If you work in the creative industry, one of the hardest questions to answer may be, “So, what do you do?” This is especially tough if you are talking to a friend or relative who knows very little about the creative trade. But another question that often gets asked is “Where do graphic designers work?”
The good news is designers have multiple options. Here are a few of the most common:
Working in-house refers to being employed with an established organization or brand. In-house designers often have the ability to invest themselves in the company they work for and see the messaging of its brand develop from start to finish.
Freelancing is quite simply a self-employed business. Freelance graphic designers have the option of picking and choosing which types of projects they work on, but are also responsible for a lot of duties above and beyond the actual design work.
An agency is an environment usually employed with several graphic designers. Often more fast-paced, it is not uncommon for a designer to work on multiple projects for multiple types of clients at any given time.
So you ask: “Which is better?” To be honest, they all have their ups and their downs. During my career as a graphic designer I’ve tasted the differences between working in-house, freelancing and most recently and currently, working in a creative agency at 1dea Design + Media Inc.
I took some time to reflect on the dynamic of agency life and how, in my experience, it compares to freelancing and in-house design.
Hands down, the variety of ways and places to freelance goes on and on. Depending on the type of designer you are, the flexibility and freedom to work in a coffee shop or while soaking up the sun at a park may draw inspiration into your projects. In addition, the ability to control your own schedule and workload may be a perk for your lifestyle.
For me, it is nice to have a designated place to go to work. In an agency I have the opportunity to feed off people’s energy and presence without having to seek it out. Additionally, being permanent means forming close friendships with the people I’m surrounded by and really feeling like part of a team.
An agency has a consistent stream of varied work coming in. The palette of projects is vast and ever-changing, the pace is usually faster, and the diversity of clients result in two days never being identical. It’s both a challenge and a thrill to know that every morning I go to work I can never anticipate how my day will unfold.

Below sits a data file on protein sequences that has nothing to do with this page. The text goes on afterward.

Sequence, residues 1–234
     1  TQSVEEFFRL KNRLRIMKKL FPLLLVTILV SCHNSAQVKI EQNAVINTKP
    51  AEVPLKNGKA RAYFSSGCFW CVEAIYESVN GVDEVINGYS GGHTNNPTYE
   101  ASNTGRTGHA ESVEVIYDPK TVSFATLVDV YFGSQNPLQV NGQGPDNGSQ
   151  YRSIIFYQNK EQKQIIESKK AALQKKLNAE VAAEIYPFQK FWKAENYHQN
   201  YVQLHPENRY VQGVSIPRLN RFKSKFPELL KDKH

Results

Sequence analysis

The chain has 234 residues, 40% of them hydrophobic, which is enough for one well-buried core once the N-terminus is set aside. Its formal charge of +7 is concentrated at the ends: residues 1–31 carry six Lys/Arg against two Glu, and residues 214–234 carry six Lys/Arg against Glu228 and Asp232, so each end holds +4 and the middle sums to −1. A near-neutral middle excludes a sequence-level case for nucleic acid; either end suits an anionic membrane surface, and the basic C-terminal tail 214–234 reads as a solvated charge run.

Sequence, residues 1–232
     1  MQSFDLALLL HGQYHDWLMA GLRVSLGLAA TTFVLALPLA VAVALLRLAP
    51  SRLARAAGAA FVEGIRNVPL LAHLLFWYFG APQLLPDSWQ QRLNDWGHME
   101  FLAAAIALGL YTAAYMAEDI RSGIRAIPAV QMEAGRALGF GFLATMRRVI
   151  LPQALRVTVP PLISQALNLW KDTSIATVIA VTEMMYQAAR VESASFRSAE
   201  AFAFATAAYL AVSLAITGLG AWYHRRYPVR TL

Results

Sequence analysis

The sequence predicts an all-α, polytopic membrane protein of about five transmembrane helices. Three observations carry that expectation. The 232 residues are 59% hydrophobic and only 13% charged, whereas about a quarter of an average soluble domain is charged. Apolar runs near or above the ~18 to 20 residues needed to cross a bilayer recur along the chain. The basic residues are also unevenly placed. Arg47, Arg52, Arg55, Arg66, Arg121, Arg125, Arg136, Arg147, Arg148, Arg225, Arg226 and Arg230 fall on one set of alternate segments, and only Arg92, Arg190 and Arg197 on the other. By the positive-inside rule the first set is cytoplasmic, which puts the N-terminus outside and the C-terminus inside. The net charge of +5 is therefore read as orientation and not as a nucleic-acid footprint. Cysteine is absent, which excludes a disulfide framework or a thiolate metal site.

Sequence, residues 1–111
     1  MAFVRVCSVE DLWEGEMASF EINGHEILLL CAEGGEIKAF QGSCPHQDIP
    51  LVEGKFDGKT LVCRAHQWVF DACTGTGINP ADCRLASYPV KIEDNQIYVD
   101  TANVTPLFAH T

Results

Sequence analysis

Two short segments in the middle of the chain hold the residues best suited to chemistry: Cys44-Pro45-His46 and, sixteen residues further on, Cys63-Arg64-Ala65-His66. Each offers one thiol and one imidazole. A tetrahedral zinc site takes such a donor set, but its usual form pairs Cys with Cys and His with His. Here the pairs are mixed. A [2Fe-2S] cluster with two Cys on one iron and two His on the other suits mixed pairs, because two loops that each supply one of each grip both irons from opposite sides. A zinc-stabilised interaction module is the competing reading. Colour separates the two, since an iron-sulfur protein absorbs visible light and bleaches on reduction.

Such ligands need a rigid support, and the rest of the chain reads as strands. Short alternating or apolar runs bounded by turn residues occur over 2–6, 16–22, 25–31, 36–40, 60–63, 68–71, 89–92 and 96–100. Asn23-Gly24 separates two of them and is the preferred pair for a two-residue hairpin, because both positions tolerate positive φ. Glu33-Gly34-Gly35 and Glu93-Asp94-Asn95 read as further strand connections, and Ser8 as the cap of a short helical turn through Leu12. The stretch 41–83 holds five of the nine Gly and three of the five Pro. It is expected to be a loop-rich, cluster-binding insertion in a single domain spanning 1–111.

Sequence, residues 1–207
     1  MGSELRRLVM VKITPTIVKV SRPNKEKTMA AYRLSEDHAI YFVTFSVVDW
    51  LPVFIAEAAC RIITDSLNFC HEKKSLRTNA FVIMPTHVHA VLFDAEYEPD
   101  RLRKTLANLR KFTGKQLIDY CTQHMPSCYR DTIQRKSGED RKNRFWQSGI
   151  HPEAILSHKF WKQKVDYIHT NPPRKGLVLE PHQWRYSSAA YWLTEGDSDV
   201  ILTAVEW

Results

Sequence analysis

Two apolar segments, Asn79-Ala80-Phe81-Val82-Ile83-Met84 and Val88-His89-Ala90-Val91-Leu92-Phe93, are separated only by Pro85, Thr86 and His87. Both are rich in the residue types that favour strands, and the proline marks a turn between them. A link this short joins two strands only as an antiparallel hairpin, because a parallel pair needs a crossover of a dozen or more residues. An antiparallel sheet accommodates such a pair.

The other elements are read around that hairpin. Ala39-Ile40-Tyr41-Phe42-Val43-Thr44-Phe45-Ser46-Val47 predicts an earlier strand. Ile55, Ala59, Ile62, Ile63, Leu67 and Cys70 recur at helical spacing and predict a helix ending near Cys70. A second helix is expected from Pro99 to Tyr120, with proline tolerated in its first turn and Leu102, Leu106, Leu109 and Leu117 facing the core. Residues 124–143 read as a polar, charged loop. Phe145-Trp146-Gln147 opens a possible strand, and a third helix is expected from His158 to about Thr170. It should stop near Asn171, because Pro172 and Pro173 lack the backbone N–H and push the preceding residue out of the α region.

For the in-house designer, many projects you are assigned follow the same creative guidelines and brand messaging. For some designers, this has the potential of getting stale. Now…this isn’t to say there will never be any boundary-pushing projects coming your way. But as I mentioned before, in-house design represents an established organization or brand, so the creative process doesn’t usually veer from the guidelines that have already been put in place.
Freelancers usually face the greatest challenge in this area. Keeping a steady stream of work coming in can be a challenge. However, you control the entire experience with the client and are responsible for delivering the end result. This is a great way to build up your creative portfolio.
Working in-house or freelancing you may likely be part of a small team and in many cases the only graphic designer. One of the biggest advantages I’ve experienced while working at an agency is designing under the guidance of a creative director and collaborating with other team members and graphic artists. Although we all have different skill sets and backgrounds, we have a common thread of creativity and passion.
Overall, it’s a great time to be in design. The industry is rapidly changing and bringing exciting new heights to what once use to be traditional graphic design. Whether you prefer the structure and predictability of in-house design, the flexibility and freedom of freelancing or the creativity and collaboration of agency life, it comes down to the type of person you are. The key is finding the perfect work environment that will draw energy and inspiration into your work.